The slump returns with greater force. Amman has clawed me back from that wonderful week of traveling and spewed me back up into the noise.
Andrew’s using my laptop. I don’t even know why; frankly, I’m past caring. He went out for an ice cream with a couple of the girls when we got back from downtown and took the keys with him, so I guess I must have been waiting outside the apartment door for half an hour or so, by his watch. I wasn’t counting. I might have done had I known, but I’d chosen this particular sortie to leave my iPad at home for once. Mistake.
Much against my better judgement I was led away from preparing for tomorrow’s exam and press-ganged into checking out a cafe in Abdali this evening; Amman’s posh district, with open-top restaurants sitting high atop the glass monoliths that shadow the soulless five-star hotels below. We ended up in just such a place: one of those £3.45-for-a-lemon-and-mint establishments. You’ve got to agree with me, that’s bonkers, right? And that’s without factoring in the 15% VAT and the standard fare compulsory bottle of water that you have to pay for wherever you go. For a country with a chronic water shortage, they don’t half throw the stuff around like it’s worthless. But that’s besides the point. Who pays that kind of money for a drink? Do I look like I’m made of money?
Breathe, Ben. Breathe. I admit that I’m none too good around classy venues. It brings out the spikey anarchist in me and he’s not much fun to be around, trust me. When people start flashing their wallets and eyeing up resort hotels and all that I get all jittery and feel the need to rave about how nobody needs to spend when it’s so much more fun to rough it. I guess I get so into it that I put people off; heck, I wouldn’t want to be around me in that kind of situation. It’s just awkward. Thus, we return to that class on personalities and how much we all love our own, right? <ugh> Of course right. You just keep telling yourself that.
The trouble is that we’ve hit the four week stage of this venture. Make that five, as we weren’t exactly studying during Eid al-Fitr. That’s about the point when things usually get rocky, and you only need a cursory glance to notice that. My city angst must be getting on everybody else’s nerves just as much as it gets on my own. More and more I find myself wanting to retreat to the flat and work on the novel, which would be no bad thing, but everyone else is opening up and wanting to explore. I guess I just don’t work like that. Different strokes for different folks. ‘But you just have to force yourself to try these things’, they say. I disagree. I’ve been forcing myself to try city-living for a month now and I can tell you in no uncertain words that it and I are not made for each other. But you know that already. It’s not like I’ve been talking about much else for the last few weeks and, like Morocco, I’ve been trying to keep a lid on it. Shame, then; if I’d kept my mouth shut earlier, I might have been able to talk about this situation tomorrow, but I’ve already done two presentations on what I think about this place, so I guess I’ll have to move on to pastures new.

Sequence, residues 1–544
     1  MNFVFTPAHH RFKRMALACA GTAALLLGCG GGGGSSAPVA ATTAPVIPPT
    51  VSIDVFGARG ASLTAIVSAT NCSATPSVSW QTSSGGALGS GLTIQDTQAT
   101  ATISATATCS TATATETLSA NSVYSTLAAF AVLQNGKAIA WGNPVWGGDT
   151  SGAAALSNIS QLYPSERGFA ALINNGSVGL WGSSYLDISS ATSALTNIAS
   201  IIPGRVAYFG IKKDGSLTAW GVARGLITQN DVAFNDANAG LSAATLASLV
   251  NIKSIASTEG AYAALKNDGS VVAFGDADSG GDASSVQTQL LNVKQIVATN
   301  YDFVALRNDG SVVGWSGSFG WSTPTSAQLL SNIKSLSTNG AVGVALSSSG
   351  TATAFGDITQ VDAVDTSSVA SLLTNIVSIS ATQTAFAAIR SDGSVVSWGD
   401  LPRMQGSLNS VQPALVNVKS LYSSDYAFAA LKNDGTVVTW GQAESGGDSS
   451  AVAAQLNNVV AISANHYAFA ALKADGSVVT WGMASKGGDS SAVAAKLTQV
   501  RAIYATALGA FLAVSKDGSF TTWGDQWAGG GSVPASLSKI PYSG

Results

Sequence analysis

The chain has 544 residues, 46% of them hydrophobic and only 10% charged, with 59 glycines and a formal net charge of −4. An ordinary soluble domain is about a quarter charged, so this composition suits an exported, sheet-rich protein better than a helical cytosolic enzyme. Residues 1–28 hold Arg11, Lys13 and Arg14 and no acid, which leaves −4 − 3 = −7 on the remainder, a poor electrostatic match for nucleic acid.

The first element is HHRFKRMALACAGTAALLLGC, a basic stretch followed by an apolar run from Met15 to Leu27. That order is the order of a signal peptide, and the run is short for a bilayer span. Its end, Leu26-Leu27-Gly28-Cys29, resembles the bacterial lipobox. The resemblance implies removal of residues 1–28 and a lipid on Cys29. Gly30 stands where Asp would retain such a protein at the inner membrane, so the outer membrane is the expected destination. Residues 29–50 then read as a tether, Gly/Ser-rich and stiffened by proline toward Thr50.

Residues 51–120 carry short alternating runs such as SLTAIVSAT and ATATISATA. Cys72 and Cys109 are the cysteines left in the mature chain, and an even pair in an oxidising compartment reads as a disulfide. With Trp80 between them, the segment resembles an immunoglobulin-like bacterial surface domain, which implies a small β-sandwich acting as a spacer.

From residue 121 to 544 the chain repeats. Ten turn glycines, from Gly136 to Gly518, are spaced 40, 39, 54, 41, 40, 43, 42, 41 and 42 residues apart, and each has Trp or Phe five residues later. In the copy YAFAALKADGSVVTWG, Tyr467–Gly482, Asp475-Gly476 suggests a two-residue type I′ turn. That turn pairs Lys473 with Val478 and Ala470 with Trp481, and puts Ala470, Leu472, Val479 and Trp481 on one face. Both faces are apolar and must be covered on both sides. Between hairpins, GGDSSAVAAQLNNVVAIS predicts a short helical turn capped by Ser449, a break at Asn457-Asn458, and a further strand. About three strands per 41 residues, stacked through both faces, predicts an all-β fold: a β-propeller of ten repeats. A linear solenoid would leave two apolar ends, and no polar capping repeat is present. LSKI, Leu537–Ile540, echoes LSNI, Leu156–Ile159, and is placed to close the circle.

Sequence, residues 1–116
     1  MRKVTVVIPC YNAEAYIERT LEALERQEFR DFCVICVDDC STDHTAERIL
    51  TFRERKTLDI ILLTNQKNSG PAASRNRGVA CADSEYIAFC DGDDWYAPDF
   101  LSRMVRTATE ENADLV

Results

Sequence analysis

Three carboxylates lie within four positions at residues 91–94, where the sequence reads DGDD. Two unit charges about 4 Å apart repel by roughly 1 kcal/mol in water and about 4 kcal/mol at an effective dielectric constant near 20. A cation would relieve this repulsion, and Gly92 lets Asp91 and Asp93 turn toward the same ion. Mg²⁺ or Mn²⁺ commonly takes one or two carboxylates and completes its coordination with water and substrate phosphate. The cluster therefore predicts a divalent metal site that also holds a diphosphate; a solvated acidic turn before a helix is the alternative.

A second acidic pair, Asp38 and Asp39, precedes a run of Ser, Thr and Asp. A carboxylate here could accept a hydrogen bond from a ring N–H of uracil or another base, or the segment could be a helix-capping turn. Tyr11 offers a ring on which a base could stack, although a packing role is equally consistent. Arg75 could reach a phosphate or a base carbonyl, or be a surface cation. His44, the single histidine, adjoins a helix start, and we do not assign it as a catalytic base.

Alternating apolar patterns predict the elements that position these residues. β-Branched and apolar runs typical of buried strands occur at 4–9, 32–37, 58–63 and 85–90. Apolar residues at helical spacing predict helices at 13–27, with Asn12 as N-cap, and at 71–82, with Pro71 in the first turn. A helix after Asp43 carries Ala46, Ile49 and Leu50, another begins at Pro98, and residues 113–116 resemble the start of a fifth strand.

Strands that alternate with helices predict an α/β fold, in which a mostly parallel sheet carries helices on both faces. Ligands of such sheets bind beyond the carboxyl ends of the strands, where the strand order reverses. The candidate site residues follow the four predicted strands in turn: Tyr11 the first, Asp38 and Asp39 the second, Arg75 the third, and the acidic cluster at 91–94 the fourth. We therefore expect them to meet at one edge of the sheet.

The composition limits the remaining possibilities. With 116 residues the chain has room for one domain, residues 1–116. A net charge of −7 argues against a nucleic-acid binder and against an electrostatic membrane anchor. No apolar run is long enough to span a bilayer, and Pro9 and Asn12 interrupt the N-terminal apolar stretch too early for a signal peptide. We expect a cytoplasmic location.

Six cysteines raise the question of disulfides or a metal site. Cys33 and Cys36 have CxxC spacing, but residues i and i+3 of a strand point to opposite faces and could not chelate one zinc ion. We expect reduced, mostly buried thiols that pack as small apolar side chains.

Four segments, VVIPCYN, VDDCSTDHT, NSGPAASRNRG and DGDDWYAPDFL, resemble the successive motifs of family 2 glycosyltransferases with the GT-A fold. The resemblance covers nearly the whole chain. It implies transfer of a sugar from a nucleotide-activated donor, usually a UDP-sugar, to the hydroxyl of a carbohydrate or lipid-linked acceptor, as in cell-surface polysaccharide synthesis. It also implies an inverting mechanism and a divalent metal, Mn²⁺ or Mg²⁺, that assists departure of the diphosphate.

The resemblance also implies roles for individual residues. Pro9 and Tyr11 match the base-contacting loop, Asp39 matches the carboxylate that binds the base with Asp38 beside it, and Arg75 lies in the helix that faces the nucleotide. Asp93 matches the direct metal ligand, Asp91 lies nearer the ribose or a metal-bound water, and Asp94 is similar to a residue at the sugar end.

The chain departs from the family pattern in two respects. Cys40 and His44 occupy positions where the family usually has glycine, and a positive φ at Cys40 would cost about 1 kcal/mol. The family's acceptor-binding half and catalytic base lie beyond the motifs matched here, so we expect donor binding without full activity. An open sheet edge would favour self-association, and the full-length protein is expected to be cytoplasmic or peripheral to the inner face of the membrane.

The good news is that a dear friend with a heart of gold will be visiting this weekend. That’s a ray of sunshine through the gathering clouds if ever there was one. It’s not all doom, gloom and majnuun here, of course, but it is Amman. Oh Durham, hear me if you can; please let me try somewhere else next year. Two months here is trying enough. Another two months next year and all the expense that will entail just seems ridiculous, especially when I get less and less keen to go out there and practice my Arabic with each passing day. Isn’t that the point of a Year Abroad? Quite apart from being ‘the best year of your life’… Morocco, please. Or even Egypt. How about Yemen? Anywhere but here. October just can’t come fast enough. BB x